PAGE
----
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Coordination Failures under Incomplete Information and Global Games

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  • Kyoji Fukao

Abstract

Carlsson and van Damme (1991, 93) presented a notion of a global game, which is an incomplete information game where the actual payoff structure is affected by a realization of a common shock and where each player gets noisy private information of the shock. For n -person symmetric games with two possible actions characterized by strategic complementarity, they showed that equilibrium play in a global game with vanishing noise is uniquely determined. The concept of global games is important not only as a theory of the most refined notion of equilibrium but also as a theory of coordination failures under private information. From this viewpoint, this paper makes the theory of global games more general and more applicable to such problems. The implications of the theory of global games are investigated in two specific models: a peculative attack model and a network externality model. It is shown that both the monetary authority in the speculative attack model and the central planner in the network externality model will prefer the equilibrium in a global game with small noise to the worst equilibrium in the corresponding complete information game. Therefore, they will welcome the existence of small noise, if they apply mini-max principle to multiple equilibrium problems.

Suggested Citation

  • Kyoji Fukao, 2003. "Coordination Failures under Incomplete Information and Global Games," Discussion papers 03006, Research Institute of Economy, Trade and Industry (RIETI).
  • Handle: RePEc:eti:dpaper:03006
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    References listed on IDEAS

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    1. John C. Harsanyi & Reinhard Selten, 1988. "A General Theory of Equilibrium Selection in Games," MIT Press Books, The MIT Press, edition 1, volume 1, number 0262582384, January.
    2. Carlsson, Hans & van Damme, Eric, 1993. "Global Games and Equilibrium Selection," Econometrica, Econometric Society, vol. 61(5), pages 989-1018, September.
    3. van Damme, E.E.C., 1991. "Equilibrium selection in 2 x 2 games," Other publications TiSEM 1c09a228-43e3-48ec-ad9c-0, Tilburg University, School of Economics and Management.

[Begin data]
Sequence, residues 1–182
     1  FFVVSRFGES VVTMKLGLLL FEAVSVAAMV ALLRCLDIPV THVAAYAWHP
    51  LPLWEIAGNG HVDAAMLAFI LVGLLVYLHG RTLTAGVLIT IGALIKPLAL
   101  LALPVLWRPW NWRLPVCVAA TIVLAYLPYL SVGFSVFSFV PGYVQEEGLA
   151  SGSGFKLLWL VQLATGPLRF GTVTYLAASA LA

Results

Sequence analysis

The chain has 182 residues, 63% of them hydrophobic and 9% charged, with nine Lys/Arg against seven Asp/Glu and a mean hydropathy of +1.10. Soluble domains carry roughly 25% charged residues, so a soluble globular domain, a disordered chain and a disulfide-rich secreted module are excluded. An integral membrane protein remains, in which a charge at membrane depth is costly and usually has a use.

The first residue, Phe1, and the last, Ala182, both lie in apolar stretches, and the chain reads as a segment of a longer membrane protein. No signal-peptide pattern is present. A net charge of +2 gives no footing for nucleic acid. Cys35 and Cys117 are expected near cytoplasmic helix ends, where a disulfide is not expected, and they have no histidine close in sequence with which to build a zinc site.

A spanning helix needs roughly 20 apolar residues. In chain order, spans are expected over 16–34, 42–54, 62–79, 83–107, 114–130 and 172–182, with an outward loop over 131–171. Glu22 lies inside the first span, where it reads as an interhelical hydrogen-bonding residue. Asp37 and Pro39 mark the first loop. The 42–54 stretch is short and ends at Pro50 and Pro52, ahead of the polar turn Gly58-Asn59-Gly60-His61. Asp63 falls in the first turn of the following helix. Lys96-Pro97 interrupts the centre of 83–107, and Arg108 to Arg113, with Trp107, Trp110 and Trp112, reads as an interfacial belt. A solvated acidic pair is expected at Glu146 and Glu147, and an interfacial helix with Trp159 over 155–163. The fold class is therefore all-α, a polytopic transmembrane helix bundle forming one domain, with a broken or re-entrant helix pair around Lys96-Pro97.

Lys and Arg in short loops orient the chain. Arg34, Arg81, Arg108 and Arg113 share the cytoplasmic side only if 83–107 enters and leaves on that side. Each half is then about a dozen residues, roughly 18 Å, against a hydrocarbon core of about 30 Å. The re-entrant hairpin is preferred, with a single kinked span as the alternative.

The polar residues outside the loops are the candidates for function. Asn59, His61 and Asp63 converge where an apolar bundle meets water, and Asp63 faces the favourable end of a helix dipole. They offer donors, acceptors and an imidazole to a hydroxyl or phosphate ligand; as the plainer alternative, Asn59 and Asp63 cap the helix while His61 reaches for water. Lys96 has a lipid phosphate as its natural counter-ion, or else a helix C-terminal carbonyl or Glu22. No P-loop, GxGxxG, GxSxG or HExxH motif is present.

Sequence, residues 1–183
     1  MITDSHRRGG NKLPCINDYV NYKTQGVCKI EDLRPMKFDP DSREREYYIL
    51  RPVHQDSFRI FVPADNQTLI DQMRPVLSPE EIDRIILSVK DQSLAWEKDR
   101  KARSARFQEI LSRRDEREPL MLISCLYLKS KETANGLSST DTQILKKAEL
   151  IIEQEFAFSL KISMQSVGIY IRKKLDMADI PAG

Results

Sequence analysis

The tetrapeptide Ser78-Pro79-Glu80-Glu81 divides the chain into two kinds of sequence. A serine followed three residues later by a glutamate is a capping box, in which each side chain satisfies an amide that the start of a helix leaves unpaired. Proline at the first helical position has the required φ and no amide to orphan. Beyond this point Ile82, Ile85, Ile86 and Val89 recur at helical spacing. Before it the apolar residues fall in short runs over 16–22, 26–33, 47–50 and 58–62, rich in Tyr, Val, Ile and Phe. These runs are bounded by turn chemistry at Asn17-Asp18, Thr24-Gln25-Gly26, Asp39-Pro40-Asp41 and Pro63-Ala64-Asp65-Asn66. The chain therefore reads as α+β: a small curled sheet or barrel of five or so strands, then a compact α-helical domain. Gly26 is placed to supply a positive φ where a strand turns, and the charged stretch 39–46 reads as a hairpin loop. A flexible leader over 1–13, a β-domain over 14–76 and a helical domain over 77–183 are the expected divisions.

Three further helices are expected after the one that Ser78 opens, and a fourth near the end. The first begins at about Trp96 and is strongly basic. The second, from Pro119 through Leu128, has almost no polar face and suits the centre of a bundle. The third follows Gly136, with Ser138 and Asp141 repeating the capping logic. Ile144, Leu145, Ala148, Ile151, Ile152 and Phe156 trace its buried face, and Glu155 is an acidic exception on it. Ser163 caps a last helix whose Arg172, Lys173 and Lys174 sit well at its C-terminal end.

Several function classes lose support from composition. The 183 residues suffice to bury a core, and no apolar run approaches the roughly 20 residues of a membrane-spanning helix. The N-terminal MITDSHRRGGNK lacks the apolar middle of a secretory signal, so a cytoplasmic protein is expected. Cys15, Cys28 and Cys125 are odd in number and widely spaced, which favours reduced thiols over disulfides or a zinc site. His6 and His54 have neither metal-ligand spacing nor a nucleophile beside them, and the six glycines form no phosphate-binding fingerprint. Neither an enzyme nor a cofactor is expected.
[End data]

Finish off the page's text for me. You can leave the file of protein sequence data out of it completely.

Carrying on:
4. Krugman, Paul, 1979. "A Model of Balance-of-Payments Crises," Journal of Money, Credit and Banking, Blackwell Publishing, vol. 11(3), pages 311-325, August.
    5. Kohlberg, Elon & Mertens, Jean-Francois, 1986. "On the Strategic Stability of Equilibria," Econometrica, Econometric Society, vol. 54(5), pages 1003-1037, September.
    6. Paul R. Milgrom & Robert J. Weber, 1985. "Distributional Strategies for Games with Incomplete Information," Mathematics of Operations Research, INFORMS, vol. 10(4), pages 619-632, November.
    7. Bhattacharya, Utpal & Weller, Paul, 1997. "The advantage to hiding one's hand: Speculation and central bank intervention in the foreign exchange market," Journal of Monetary Economics, Elsevier, vol. 39(2), pages 251-277, July.
    8. Carlsson, H. & Van Dame, E., 1991. "Equilibrium Selection in Stag Hunt Games," Papers 9170, Tilburg - Center for Economic Research.
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    Cited by:

    1. Stephen Morris & Hyun Song Shin, 2000. "Global Games: Theory and Applications," Cowles Foundation Discussion Papers 1275, Cowles Foundation for Research in Economics, Yale University.
    2. Heinemann, Frank & Illing, Gerhard, 2002. "Speculative attacks: unique equilibrium and transparency," Journal of International Economics, Elsevier, vol. 58(2), pages 429-450, December.
    3. Kasahara, Tetsuya, 2009. "Coordination failure among multiple lenders and the role and effects of public policy," Journal of Financial Stability, Elsevier, vol. 5(2), pages 183-198, June.
    4. Sbracia, Massimo & Zaghini, Andrea, 2001. "Expectations and information in second generation currency crises models," Economic Modelling, Elsevier, pages 203-222.

    More about this item

    JEL classification:

    • C73 - Mathematical and Quantitative Methods - - Game Theory and Bargaining Theory - - - Stochastic and Dynamic Games; Evolutionary Games
    • D82 - Microeconomics - - Information, Knowledge, and Uncertainty - - - Asymmetric and Private Information; Mechanism Design
    • D84 - Microeconomics - - Information, Knowledge, and Uncertainty - - - Expectations; Speculations
    • F32 - International Economics - - International Finance - - - Current Account Adjustment; Short-term Capital Movements

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